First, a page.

Supporting Actor was a competitive race, and ultimately the prize went to theater vet Mark Rylance for “Bridge of Spies.” He is a mighty fine choice, but there was one other nominee who would have been just a little bit stronger.
This aspect is basically the premise of “Creed” in terms of both story and casting. Rocky Balboa believes that he should be out of the game, but Adonis Creed insists on his guidance, and he comes through, in terms of boxing, life, and love. Similarly, Sylvester Stallone may not have a reputation as one of the greatest living actors, but he does have the experience that a new generation of entertainers can learn from.
2. A Sense of History
Once upon a time, “Rocky” was a movie that won Best Picture. But as sequel after sequel arrived, the series became decreasingly acclaimed and increasingly ridiculous (remember when Paulie had a robot servant?). Conventional wisdom might suggest that wiping the slate clean would be the only way to revive this franchise. “Creed” does that a little, by focusing on a new lead character. But it does not forget its history, no matter how over-the-top. There have been a lot of odd moments in Rocky’s relationships with his family, friends, and rivals-turned-friends, and Stallone makes sure to show just how affected he has been by all of them.
3. A Satisfying Character Arc
The bare bones of Rocky’s arc in “Creed” are quite formulaic: reclusive former champ is called upon to groom the new kid. He gets a subplot to add to that mix, but even that story (a fight with cancer) is quite standard. But formulas become formulas for a reason: they are so satisfying when done right. By subsuming himself into his signature character like never before, Stallone ensures that that formula resonates.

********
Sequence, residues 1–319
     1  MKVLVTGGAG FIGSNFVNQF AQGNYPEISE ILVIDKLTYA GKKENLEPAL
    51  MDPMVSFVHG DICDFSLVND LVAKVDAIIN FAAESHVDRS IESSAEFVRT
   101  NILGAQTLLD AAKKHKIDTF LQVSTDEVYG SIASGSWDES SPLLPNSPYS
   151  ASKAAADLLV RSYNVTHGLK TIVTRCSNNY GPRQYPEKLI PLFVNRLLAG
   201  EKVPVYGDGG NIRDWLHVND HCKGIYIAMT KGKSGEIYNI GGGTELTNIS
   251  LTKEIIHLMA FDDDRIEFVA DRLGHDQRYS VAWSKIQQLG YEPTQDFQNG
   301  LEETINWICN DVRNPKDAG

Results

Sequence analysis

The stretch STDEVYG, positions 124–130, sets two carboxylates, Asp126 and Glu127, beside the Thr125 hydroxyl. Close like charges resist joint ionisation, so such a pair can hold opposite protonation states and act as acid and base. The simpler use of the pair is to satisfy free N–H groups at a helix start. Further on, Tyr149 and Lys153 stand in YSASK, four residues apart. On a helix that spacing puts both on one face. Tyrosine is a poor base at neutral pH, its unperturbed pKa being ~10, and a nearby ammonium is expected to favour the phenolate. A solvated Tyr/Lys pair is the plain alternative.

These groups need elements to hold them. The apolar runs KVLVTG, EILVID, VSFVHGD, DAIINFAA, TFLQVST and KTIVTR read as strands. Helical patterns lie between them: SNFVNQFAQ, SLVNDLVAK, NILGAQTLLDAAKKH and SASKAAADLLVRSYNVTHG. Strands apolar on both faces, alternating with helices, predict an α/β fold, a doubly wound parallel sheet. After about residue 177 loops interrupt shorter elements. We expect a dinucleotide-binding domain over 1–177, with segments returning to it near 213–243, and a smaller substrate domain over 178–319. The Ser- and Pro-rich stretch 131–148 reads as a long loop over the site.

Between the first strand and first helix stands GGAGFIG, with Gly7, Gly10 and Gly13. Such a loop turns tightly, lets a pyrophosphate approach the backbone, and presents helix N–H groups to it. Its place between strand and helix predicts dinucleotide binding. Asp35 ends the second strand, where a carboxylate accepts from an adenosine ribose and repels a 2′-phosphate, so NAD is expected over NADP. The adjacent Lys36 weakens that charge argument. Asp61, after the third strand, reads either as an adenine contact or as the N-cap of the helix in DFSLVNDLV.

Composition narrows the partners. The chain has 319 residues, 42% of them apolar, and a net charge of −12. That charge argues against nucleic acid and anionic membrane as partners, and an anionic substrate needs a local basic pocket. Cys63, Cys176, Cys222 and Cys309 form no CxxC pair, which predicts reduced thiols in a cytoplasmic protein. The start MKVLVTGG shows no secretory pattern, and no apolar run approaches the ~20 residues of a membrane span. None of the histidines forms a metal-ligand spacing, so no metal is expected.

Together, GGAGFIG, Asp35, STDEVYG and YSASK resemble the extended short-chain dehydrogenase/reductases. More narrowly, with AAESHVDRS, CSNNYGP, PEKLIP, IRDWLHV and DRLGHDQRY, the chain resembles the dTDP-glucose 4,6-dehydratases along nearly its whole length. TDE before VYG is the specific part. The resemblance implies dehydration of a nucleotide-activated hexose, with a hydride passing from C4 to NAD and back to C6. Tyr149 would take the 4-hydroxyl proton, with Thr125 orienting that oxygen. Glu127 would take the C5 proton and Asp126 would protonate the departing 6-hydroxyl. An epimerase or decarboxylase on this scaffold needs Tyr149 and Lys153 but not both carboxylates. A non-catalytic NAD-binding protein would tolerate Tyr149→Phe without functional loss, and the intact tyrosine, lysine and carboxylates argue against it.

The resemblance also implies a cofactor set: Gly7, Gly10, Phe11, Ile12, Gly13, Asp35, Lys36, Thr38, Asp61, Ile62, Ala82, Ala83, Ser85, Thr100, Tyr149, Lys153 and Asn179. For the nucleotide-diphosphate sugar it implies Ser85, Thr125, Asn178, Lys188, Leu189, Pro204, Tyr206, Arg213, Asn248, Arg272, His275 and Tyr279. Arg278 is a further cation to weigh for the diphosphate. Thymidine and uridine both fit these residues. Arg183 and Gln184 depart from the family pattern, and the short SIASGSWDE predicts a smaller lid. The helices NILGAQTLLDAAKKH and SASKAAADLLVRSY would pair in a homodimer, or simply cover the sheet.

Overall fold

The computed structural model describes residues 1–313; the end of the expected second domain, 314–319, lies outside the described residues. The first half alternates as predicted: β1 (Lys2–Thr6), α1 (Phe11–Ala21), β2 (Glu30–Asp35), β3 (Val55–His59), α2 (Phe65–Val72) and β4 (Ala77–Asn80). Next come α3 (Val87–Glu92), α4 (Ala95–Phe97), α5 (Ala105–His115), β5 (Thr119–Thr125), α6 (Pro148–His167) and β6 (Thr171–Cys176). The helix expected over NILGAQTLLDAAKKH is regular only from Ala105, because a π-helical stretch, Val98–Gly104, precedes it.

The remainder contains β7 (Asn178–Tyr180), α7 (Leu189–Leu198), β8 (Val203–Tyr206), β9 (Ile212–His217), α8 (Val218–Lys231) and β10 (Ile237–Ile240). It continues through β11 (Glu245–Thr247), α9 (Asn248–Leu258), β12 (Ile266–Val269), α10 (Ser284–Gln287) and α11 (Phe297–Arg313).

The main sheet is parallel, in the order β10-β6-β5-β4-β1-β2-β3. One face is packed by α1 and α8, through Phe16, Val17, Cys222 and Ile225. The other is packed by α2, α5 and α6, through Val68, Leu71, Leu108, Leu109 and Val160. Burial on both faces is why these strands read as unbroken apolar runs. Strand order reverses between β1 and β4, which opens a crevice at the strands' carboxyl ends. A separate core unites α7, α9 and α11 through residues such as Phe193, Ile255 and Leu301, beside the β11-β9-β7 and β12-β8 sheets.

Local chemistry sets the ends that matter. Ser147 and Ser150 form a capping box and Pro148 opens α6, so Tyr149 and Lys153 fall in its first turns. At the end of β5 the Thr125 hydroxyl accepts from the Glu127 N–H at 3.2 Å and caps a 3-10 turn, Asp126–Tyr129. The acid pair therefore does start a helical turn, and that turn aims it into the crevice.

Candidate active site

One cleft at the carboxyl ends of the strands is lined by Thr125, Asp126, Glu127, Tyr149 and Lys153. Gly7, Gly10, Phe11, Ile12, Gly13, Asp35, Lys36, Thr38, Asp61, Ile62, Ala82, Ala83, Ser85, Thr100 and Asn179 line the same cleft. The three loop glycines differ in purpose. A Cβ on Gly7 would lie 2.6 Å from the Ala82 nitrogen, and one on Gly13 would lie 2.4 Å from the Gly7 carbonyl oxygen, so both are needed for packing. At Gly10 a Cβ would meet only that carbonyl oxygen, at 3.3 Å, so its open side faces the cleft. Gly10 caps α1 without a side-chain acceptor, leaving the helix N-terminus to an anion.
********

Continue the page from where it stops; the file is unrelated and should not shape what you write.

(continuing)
4. He Says a Lot with a Little
A major part of Rocky Balboa’s charm is his earnest conversational style, which frequently works as everyday poetry and profundity. He does not burst into any rapturous monologues, but what he does say is enough to motivate the people around him. When asked about what his relationship to Adonis means to him, he says, “I’m a lucky guy, what can I say.” Stallone delivers the line with a subtle sense of amazement that conveys the power of human connection in just a few words.
5. The Lifetime Achievement of It All
Oscar wins are sometimes declared de facto Lifetime Achievement Awards when actors win for the first time late in their careers, and the perception is that they are effectively being honored for all the times they lost as well. Ideally, voting would be determined only by the specific movies nominated in any given year. But if legacy must factor into deliberations, then there was hardly a better option to do that with than Stallone, packaging decades of Rocky Balboa into a hugely satisfying reboot.